A common lens through music

  • A pre-pandemic performance of the Pioneer Valley Symphony orchestra. Contributed photo

  • A pre-pandemic performance of the Pioneer Valley Symphony orchestra. Contributed photo—

  • A pre-pandemic performance of the Pioneer Valley Symphony orchestra. Contributed photo—

  • Sarah Paquet, chorus director of the Pioneer Valley Symphony. Contributed photo

Staff Writer
Published: 5/6/2021 12:39:35 PM

At the height of the pandemic last year, music played an integral role in bringing people together. Viral videos of opera singers in Italy and New York singing to their neighbors brought a moment of peace in the face of an unknown future. Locally, community musicians like Sarah Paquet, chorus director of the Pioneer Valley Symphony, fostered unity by taking their musical programs online.

Now, as stay-at-home restrictions begin to lift and the world starts to reopen, Paquet’s symphony is again using its platform to unify the community around a common cause this weekend by hosting a live musical event digitally, “Fauré’s Requiem: A Community Tribute.”

“We felt like we really wanted to reflect on the reality of the pandemic in the local community,” said Paquet. “The Fauré requiem is a really beloved piece that singers are familiar with.”

Interspersed throughout the seven movements of the piece by Gabriel Fauré, which was completed around the early-1900s, will be six prerecorded interviews by community leaders from various social and health sectors in the region, sharing personal stories and experiences from the last year.

While there will only be one musical recording played over Zoom — a famous rendition performed by the Academy and Chorus of St. Martin in the Fields and conducted by Sir Neville Marriner — performers from the Pioneer Valley Symphony and others who want to join will play along to the score from their homes — with their microphones muted because of latency issues. Sheet music can be obtained ahead of the event for various instrumental parts, as they’re not included in the score video that will be displayed.

The requiem event is a part of the symphony’s 82nd season. According to Paquet, the symphony pivoted to virtual programming during the early days of the COVID-19 pandemic, continuing to meet online to make music and listen to lectures.

“Normally, there are a handful of string players who like to play,” Paquet said, noting the Zoom format is an extension of what the symphony has been doing over the past year. “I’ve been so impressed and fortified by the members of the PVS and additional singers and players who've jumped in this year — by their participation and their insistence on keeping music alive in the valley this year when it was so challenging.”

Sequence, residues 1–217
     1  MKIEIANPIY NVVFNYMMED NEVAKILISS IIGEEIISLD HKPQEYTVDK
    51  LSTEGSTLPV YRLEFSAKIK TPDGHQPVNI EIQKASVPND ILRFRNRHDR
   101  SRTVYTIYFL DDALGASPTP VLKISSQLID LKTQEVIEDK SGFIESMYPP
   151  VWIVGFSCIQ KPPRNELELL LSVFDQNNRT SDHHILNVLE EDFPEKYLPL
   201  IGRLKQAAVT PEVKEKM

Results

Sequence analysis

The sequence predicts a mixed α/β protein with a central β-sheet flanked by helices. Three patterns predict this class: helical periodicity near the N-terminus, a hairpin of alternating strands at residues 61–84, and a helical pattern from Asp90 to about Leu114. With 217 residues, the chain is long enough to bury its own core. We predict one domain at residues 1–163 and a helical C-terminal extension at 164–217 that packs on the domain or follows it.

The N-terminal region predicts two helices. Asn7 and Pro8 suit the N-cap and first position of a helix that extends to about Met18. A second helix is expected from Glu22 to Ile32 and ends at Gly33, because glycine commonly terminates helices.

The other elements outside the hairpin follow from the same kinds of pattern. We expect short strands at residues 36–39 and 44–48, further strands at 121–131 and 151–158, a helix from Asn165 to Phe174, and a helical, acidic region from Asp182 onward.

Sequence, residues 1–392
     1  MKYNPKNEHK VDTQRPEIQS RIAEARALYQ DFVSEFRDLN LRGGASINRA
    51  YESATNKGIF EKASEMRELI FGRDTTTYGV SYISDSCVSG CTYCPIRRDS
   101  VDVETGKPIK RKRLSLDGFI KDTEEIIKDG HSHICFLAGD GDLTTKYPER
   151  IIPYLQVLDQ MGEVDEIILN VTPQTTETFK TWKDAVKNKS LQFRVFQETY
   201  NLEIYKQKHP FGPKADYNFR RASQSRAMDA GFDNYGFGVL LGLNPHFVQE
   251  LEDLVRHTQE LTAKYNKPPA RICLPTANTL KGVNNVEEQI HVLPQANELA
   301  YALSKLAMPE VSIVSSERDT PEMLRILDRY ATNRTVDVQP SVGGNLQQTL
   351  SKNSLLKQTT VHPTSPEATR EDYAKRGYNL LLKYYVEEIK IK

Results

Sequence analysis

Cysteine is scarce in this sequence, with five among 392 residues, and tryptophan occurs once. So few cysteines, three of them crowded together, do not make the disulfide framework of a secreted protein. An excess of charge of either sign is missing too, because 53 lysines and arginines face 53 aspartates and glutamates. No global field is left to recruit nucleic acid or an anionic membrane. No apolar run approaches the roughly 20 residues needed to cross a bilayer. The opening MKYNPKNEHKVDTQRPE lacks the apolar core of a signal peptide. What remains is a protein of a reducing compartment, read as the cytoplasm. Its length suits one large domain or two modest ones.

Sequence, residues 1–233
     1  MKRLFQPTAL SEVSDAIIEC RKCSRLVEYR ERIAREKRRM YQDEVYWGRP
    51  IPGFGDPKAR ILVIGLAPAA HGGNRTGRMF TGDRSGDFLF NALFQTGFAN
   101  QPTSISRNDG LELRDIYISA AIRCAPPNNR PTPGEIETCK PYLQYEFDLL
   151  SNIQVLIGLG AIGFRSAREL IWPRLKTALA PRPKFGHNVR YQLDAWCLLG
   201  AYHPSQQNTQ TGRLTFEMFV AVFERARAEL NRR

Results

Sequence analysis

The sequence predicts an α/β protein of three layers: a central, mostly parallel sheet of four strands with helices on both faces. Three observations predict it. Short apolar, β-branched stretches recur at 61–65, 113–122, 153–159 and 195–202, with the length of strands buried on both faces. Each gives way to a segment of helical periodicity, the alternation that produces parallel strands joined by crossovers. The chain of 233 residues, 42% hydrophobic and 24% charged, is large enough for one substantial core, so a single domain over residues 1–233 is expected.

In the absence of live music, the symphony members have “learned how important it is,” she said. “I don’t want to say that we took it for granted before, but I think maybe we didn’t realize how important it was to us and how lucky we were to be able to walk into a room with hundreds of other people and sing and play together.”

By combining music with vignettes from various community members — selected for their contributions to combating the pandemic’s effects locally — Paquet says she hopes to create “a common lens to look at the pandemic and reflect on it together,” she noted. “We’ve all been fairly isolated during this time, we’ve all had in common certain experiences we’ve shared, but they’ve all been in isolation.”

Interviewees include Kirsten Levitt, executive director of the nonprofit Stone Soup Cafe in Greenfield; Robin Driscoll, postmaster of the USPS branch in Old Deerfield; Rabbi Devorah Jacobson, spiritual life director at JGS Lifecare in Longmeadow; Mandi Jo Hanneke of the Amherst Town Council; and medical practitioners, educators and families from the region.

“We asked each person to share about the challenges they experienced at work during the pandemic, the things that changed, and the ways in which they saw (its) impact,” Paquet said. “We asked them if they had seen any bright spots, any moments of hope, and a lot of them came up with the strategies and creative solutions they had.”

Tickets to the show, which will start Saturday at 7 p.m., are $15 per device or free with a family pass available at any of more than 30 local libraries in the Pioneer Valley. To reserve access, obtain a Zoom link and find more information about the symphony, visit pvsoc.org.

Looking ahead, as stay-at-home orders are lifted, Paquet says the symphony plans to resume a sense of normalcy. On May 22, for example, there’s an open-air chamber concert scheduled at Black Birch Vineyard at Hatfield beginning at 6 p.m.. Then on Aug. 21, there will be a musical walking tour at Park Hill Orchard in Easthampton.

The Pioneer Valley Symphony is one of the oldest community orchestras in the nation. It was founded in Greenfield in 1939 and these days performs in Franklin and Hampshire counties.


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